Last week Apple CEO Tim Cook was very happy that the iPhone 6 is at last going on sale in China. But it seems the Chinese government has its own plans for owners of the new device.
According to censorship watchdog Greatfire.org, Chinese state hackers began staging a massive man-in-the-middle attack against Apple iCloud.com users to coincide with the smartphone's launch.
It's reported that people in China who try to log into iCloud.com's server at 188.8.131.52 will have their connections intercepted and snooped on, revealing passwords and other sensitive information to hackers. iCloud uses SSL to encrypt these connections, but Apple's SSL certificate is swapped by the eavesdroppers for a self-signed one, allowing the miscreants to decrypt the in-transit data.
Competent browsers, such as Firefox and Chrome, will detect the inappropriate certificate and alert users to the cyber-skulduggery. But other software, such as the popular 360 Secure Browser by Chinese biz Qihoo, will gobble up the dodgy cert without warning.
While the attack is only ongoing against one IP address so far, the group recommends Firefox or Chrome for accessing the iCloud website, which should detect the redirection. Using a VPN would get around the problem too, but only if you can use one safely behind the Great Firewall.
The attack may be part of an ongoing attempt to block news of student protests in Hong Kong calling for greater democracy. In July the group noted blocks on Yahoo!'s Flickr and Microsoft's OneDrive cloud storage to coincide with the first pro-democracy rallies, as well as a bar on Google searches for Tiananmen Square tidings in June.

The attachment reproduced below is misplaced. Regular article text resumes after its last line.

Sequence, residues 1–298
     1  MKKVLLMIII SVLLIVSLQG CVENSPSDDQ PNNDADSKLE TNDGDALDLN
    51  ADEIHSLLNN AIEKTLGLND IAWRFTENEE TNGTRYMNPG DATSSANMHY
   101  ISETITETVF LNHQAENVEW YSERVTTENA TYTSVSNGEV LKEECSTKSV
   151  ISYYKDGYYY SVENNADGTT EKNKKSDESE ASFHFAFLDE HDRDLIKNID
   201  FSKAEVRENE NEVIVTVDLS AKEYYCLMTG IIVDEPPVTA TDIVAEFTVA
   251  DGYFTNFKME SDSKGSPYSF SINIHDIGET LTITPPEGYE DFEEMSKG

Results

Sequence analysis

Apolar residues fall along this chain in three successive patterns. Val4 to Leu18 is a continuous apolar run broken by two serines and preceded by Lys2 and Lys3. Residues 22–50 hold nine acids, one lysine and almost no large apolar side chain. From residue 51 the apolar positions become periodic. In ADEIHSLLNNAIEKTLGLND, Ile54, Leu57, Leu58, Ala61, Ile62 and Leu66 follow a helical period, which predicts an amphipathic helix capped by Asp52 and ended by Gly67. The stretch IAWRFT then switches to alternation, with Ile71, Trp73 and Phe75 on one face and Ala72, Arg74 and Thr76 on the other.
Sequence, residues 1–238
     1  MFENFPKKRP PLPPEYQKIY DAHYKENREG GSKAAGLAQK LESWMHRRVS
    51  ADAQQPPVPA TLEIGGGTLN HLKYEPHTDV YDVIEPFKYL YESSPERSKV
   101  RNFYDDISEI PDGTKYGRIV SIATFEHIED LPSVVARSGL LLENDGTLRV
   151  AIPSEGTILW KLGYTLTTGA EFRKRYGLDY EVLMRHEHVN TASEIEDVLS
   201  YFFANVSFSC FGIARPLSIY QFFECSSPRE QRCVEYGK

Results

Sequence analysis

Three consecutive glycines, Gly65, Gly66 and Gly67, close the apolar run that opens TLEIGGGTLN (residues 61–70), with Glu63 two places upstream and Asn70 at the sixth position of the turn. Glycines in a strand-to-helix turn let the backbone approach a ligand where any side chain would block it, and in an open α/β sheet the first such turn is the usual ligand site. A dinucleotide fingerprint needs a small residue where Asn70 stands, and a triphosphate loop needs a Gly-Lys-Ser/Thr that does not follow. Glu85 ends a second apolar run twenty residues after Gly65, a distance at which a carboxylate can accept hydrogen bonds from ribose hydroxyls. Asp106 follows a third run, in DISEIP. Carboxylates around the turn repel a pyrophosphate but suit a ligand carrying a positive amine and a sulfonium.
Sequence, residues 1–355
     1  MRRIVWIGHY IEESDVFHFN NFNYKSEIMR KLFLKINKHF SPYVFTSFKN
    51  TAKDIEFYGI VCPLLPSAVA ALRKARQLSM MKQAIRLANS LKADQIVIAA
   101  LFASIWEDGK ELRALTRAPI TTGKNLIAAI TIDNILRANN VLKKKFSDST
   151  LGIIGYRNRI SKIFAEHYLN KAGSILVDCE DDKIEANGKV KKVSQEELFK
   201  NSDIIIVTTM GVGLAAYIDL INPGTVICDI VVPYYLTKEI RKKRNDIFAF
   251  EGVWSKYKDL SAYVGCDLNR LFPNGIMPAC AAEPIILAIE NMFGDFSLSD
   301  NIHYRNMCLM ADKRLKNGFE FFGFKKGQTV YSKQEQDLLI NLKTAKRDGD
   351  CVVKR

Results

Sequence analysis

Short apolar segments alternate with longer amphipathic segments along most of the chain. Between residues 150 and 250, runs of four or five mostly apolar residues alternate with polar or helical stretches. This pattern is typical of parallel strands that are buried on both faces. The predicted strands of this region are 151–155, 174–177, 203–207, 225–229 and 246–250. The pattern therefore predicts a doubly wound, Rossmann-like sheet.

"This is clearly a malicious attack on Apple in an effort to gain access to usernames and passwords and consequently all data stored on iCloud such as iMessages, photos, contacts, etc," the group said.
"Unlike the recent attack on Google, this attack is nationwide and coincides with the launch today in China of the newest iPhone."
If true, the attack would represent something of a belt-and-braces approach to monitoring iCloud users. Apple has already agreed to host its iCloud servers with China Telecom, a company not noted for noncompliance with Chinese government data requests.
The Chinese government held up the sale of the new iPhone 6 handsets, ostensibly over security concerns that the smartphones could be surveillance tools for the NSA. Apple assuaged those fears, and got clearance to go to market.
But early reports show a marked reduction in demand for Apple's high-priced iPhone (although it has been a boon for the tailoring industry) and instead Chinese buyers are focusing on Xiaomi and other locally produced handsets. ®